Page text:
Real Estate

September puts final nail in the coffin of foreclosure crisis

Foreclosure activity back to pre-crisis levels

Foreclosure activity dipped to its lowest point since before the foreclosure crisis, according to the September and Q3 2016 U.S. Foreclosure Market Report released by ATTOM Data Solutions, the new parent company of RealtyTrac.

The number of properties with new foreclosure filings – default notices, scheduled auctions or bank repossessions – in September decreased 13% from last month and 24% from last year to 82,972. This marks the lowest point since December 2005.

Another recent report shows foreclosure inventory in August declined significantly from last year, hitting its lowest point since the housing boom, according to CoreLogic.

“Foreclosure activity has been on a steady slide downward over the past six years, finally dropping back below pre-crisis levels in September,” said Daren Blomquist, ATTOM Data Solutions senior vice president. “While we’ve know that the national foreclosure problem has been dying a long, slow death for quite some time, the final nail in the coffin of the foreclosure crisis is the year-over-year decrease in the average foreclosure timeline nationwide that we saw in Q3 2016 — the first time that’s happened since we began tracking foreclosure timelines in Q1 2007.”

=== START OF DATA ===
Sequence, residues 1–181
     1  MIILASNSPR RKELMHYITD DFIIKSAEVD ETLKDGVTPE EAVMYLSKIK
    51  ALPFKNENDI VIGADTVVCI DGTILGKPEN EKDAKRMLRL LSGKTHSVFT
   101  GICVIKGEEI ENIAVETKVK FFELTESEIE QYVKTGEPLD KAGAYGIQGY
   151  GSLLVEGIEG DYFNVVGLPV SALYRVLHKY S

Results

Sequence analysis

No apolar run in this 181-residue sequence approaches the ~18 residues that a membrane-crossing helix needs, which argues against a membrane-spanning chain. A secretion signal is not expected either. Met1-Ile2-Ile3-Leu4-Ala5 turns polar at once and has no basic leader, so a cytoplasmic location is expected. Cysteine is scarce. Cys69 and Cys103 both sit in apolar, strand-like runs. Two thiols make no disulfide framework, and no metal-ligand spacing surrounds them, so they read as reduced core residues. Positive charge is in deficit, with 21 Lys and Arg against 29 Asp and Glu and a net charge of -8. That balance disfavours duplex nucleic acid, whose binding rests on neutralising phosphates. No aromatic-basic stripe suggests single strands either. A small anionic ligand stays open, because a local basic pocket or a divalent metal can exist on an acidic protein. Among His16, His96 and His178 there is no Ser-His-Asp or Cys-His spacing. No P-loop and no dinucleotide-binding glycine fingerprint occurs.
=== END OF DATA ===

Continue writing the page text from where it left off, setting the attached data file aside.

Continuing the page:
Properties took an average of 625 days to complete foreclosure in the third quarter, down from 631 days last quarter, and down from 630 days last year. This is the first annual decrease since ATTOM began tracking average foreclosure timelines in the first quarter of 2007.

“The decrease in the average foreclosure timeline indicates that banks have worked through the bulk of the legacy foreclosure backlog in most states — with a few lingering exceptions — and that most of the foreclosures being completed now are relatively recent defaults that are more efficiently progressing through the foreclosure pipeline,” Blomquist said.

Some states have much shorter timelines, such as Virginia with 196 days, New Hampshire with 230 days, Texas with 246 days, Minnesota with 250 days and Mississippi with 253 days.

On the other hand, some states have much longer times to close on foreclosures, including New Jersey with 1,262 days, Hawaii with 1,241 days, New York with 1,070 days, Florida with 1,038 days and Illinois with 942 days.

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